How to Soften Rubber
1. Check rubber objects regularly for hardening
Slowly but surely, any rubber object, be it your car windshield wiper blades or the elastic waistband of your favorite pajama pants, will harden over time. Evidence of white or colored substances on the rubber can be one indication of a chemical reaction taking place.
- Natural rubber has poor resistance to both ozone and UV light, as well as to petroleum oils. Additionally, temperatures below -60°F (-51°C) or above 220°F (104°C) will degrade it quickly, while temperature extremes in general will facilitate degradation and hardening.
- Rubber stretches and flexes because it is made up of long, tangled molecule chains that can be straightened out under tension. Degradation of these molecular chains can occur from repeated or excessive tension (think of frayed or over-stretched rubber bands), or by exposure to elements like those noted above.
2.Examine the rubber for signs of damage
Cracked rubber will remain cracked even when it’s softened. Once cracks form, your only options will be to try out a rubber patch kit or to simply replace the rubber object. There is no miracle cure by this point.
- One point worth making here is that common softening methods — heat and oils — actually damage the rubber in the process. So, every time you do soften up a stiff rubber gasket or shoe sole, you are also contributing to its eventual demise.
3.Keep rubber objects clean.
There is only so much you can do to keep oxygen, temperature fluctuations, and light away from rubber, but wiping away residue can help keep deteriorating oils from damaging the object.
- Clean rubber objects with only warm water and a clean cloth when possible. If necessary, use a mild detergent and rinse it away completely.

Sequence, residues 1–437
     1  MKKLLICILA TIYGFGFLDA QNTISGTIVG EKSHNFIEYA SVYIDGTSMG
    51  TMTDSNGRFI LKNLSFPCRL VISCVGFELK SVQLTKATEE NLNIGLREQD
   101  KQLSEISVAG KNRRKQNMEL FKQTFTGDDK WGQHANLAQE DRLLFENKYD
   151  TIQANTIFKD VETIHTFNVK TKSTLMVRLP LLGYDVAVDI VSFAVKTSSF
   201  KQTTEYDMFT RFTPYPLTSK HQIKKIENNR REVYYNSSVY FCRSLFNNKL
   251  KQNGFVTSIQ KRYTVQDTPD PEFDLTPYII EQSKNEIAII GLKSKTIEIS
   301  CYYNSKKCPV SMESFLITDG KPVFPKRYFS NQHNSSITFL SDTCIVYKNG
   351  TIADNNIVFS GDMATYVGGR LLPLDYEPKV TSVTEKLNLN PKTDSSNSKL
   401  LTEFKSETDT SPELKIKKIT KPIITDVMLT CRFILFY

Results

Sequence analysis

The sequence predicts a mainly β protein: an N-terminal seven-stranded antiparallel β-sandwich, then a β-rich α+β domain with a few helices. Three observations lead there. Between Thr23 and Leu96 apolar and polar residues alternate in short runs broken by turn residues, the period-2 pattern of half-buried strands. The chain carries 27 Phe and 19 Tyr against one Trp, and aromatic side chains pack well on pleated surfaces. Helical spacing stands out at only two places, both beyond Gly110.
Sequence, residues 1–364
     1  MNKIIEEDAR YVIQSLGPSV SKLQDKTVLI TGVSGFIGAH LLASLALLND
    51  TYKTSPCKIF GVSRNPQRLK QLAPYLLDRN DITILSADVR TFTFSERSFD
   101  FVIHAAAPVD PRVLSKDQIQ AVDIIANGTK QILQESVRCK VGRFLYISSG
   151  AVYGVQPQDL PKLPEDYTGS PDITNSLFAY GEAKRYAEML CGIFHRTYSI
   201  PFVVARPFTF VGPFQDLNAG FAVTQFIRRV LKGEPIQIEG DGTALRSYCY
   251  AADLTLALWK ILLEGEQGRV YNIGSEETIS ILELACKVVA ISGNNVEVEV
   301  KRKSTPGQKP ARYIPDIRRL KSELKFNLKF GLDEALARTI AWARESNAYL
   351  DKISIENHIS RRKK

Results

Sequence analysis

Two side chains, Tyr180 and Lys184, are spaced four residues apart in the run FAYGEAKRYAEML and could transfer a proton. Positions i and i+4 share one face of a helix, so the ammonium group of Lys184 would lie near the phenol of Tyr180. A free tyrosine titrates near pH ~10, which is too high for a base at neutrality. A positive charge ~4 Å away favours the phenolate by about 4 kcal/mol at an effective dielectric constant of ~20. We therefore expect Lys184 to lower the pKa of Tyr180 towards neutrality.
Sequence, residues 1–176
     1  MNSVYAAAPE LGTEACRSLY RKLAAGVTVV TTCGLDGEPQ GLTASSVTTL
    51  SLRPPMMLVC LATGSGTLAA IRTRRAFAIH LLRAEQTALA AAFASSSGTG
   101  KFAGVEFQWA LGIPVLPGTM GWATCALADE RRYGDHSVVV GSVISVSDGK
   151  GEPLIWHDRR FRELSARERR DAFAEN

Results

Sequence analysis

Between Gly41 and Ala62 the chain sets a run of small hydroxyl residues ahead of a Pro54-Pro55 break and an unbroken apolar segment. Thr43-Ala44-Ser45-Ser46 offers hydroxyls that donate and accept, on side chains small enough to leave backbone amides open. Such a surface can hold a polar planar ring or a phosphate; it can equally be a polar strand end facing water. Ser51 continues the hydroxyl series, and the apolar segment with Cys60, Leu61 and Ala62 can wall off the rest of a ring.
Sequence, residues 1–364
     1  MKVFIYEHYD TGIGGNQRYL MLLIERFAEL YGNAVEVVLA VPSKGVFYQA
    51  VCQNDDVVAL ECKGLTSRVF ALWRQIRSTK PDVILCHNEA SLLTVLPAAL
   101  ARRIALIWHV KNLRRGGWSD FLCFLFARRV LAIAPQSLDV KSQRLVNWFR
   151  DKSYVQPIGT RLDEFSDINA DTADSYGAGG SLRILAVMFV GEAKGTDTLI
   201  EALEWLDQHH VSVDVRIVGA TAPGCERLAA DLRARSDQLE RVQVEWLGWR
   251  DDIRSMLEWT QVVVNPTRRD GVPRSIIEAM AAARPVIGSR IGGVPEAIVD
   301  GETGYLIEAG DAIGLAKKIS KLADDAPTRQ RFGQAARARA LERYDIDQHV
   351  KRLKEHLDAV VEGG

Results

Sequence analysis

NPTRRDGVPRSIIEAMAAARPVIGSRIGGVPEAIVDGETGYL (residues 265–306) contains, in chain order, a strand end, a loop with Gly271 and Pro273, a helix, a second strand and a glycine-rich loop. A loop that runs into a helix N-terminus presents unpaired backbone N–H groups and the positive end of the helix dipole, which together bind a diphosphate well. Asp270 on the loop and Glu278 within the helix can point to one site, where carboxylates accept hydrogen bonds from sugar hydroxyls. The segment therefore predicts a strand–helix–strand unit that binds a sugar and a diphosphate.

- Solvents found in cleaners can degrade or even dissolve rubber.
4.Seal rubber in an airtight container to delay hardening.
If possible, remove as much air (and thus oxygen) from the container as you can before sealing it.
- Placing rubber items in zip close bags and using a straw to suck out most of the air can noticeably delay the hardening process. If you’ve ever compared rubber bands kept in a plastic bag in your junk drawer from those loose in the drawer, you know the difference it can make.
- Natural rubber is especially susceptible to oxidization because sulfur is added to the mix when making items like rubber bands. Oxygen reacts with sulfur and essentially removes it from the item, leaving it more brittle.
5.Place the container in cool, dry , dark place.
The same place you might store apples or potatoes would actually make a decent place to also keep your bagged-up sneakers.
- 68 to 77°F (20 to 25°C) is a sensible temperature range for storing rubber items, though lower temperatures can also be good.
- You might even consider keeping tightly sealed rubber items in your refrigerator. The excessive cold and higher humidity of the freezer, however, makes it a less ideal choice.